. . . . .And I’m grateful to you, loyal reader, for taking the long view, for leading, for spreading ideas that matter and showing up and doing work that you’re proud of. . . . We wouldn’t have it any other way.

If you’re leading despite/because of what’s going on around us, thank you.”

Godin says he lists only a “tiny fraction” of those he’d like to. He encourages us all to post our own lists.

I started my list in the third paragraph of this posting and while it, too, will be incomplete, I want to add to it:

  • Thank you to my colleagues in marketing and communications with whom I’m daily rolling up my sleeves on projects; and who show such maturity and decency as we manage tasks and boundaries both online and off. You are well-informed and live the values you present.
  • Thank you to my mentors who currently strive to move “heaven and earth” to save their small businesses, but also find time to collaborate with proteges.
  • Thank you to my family who respect my schedule as a freelancer, in which work flows steadily or faster, when others in “day jobs” find themselves in a “holding pattern.”
  • Thank you to friends who in recent weeks lost loved ones to unrelated disease or aging and who bear the pain of their grief, alone, in social isolation (special acknowledgments to Maureen Doetzel and Tracey Mitchell).
  • Thank you to Rev. Roberto De Sandoli and the worship team at St. Andrew’s Presbyterian, who are working tirelessly to present some of the most significant worship services of the Christian calendar (Good Friday; Easter Sunday) online to anyone who cares to watch them.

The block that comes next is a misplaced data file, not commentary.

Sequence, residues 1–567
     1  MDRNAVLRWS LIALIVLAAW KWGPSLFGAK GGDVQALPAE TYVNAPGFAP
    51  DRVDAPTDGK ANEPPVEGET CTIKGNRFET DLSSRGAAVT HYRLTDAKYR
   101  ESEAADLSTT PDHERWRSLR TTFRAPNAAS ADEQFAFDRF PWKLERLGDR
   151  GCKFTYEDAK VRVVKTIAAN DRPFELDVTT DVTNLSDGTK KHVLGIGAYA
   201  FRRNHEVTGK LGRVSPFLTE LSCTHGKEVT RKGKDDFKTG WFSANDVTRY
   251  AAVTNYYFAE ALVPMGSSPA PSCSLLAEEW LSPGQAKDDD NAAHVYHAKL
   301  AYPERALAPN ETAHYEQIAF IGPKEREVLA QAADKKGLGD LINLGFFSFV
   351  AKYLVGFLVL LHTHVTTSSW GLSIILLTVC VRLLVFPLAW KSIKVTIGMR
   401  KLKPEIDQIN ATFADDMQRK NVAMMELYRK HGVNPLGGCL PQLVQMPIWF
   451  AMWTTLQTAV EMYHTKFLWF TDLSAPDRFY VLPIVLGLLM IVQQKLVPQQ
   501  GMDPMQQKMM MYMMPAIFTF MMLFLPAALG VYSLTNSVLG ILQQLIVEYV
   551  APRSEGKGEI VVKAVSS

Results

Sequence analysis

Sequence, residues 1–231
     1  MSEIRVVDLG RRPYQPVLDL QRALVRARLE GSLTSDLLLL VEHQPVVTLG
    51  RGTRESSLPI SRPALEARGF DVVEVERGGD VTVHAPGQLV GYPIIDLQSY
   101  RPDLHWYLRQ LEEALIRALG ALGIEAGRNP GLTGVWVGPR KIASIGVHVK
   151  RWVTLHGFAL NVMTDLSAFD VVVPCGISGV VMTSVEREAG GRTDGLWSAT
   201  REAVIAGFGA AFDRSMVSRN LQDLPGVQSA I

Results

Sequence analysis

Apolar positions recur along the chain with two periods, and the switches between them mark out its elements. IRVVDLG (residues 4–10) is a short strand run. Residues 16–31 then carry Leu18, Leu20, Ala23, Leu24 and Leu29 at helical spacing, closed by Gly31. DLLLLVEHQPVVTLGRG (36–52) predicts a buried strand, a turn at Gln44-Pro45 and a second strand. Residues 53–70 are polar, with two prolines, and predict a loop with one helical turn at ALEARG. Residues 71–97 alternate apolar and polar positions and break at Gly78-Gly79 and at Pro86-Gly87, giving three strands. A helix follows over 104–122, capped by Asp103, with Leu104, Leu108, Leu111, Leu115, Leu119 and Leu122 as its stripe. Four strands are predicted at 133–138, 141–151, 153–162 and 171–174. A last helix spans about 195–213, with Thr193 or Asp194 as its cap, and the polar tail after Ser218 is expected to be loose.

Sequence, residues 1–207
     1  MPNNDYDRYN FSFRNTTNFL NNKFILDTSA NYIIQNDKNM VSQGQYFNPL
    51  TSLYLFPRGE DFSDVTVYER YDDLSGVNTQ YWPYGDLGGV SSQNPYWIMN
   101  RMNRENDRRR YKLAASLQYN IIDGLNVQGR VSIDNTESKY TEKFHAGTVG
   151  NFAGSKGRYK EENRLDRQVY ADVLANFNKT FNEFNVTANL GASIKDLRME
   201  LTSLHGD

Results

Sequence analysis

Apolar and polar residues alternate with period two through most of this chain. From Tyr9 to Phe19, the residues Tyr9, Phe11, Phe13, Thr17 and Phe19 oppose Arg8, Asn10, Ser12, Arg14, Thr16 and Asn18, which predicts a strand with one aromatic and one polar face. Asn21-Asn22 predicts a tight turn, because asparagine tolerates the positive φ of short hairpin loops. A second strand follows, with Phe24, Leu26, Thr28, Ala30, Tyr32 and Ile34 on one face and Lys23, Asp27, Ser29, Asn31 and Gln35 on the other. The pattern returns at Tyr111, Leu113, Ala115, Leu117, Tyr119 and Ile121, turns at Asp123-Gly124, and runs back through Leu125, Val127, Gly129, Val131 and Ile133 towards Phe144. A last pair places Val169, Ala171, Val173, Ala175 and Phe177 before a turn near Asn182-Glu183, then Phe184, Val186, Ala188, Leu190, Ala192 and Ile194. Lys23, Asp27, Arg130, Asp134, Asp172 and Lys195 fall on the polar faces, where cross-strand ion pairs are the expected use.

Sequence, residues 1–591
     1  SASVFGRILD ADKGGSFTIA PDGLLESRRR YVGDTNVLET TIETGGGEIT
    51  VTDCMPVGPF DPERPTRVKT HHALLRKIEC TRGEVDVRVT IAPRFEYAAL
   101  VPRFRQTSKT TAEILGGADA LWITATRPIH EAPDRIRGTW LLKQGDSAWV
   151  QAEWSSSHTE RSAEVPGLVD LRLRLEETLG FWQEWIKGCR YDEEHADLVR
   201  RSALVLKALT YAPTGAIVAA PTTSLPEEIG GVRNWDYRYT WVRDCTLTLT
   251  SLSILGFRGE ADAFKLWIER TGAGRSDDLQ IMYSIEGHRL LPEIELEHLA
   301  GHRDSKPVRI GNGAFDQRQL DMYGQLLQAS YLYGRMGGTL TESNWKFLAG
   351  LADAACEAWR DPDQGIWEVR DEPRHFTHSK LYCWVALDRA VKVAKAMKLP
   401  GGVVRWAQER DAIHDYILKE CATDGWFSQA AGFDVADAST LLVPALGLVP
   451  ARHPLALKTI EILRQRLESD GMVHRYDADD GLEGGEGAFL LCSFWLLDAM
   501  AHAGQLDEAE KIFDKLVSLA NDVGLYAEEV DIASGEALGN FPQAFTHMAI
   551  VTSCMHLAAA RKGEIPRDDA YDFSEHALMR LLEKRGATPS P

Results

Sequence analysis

• Thank you to Silvia Martini, Moderator, and founding members of the “Business Support Saskatoon Chamber of Commerce,” who share about pivoting, adapting, evolving and rising, when these are at once the most challenging and important tasks.
  • Thank you to the managers of the building where I live and work, who continue to keep the building as clean as possible and to assist seniors and children who struggle with the pandemic.
  • Thank you to Paul Ducklin and other users of Zoom, who have posted online articles and information on how to secure the service, in the face of hateful attackers.
  • Thank you (although it may sound absurd) to Queen Elizabeth II, who used a rare public address, filmed last week at Windsor Castle, to encourage citizens of the Commonwealth to continue to act with self-discipline and resolve. These are characteristics sometimes in short supply.

This door in British Columbia was decorated by a family member to encourage laughter, gratitude for essential workers and solidarity with self-isolating neighbours in these anxious days of Covid-19.


And this door of my neighbourhood café is one of many that post thanks to the folk acknowledged above.








We interrupt this crisis to acknowledge and thank the above folk who serve on our front lines: they fight a war with an invisible protein molecule that has brought our global population to its knees. But it has not broken our collective decency, empathy, solidarity, generosity, intelligence or resourcefulness—effectively, our humanity.

Last Saturday at 8:30 pm,  I clanged a kitchen pot in front of my home and generally made a ruckus of “thanks” to these folk, and to those whom I’ve unintentionally forgotten.  I heard (and saw) plenty of ruckus back.

Thank you all. Keep on keeping on.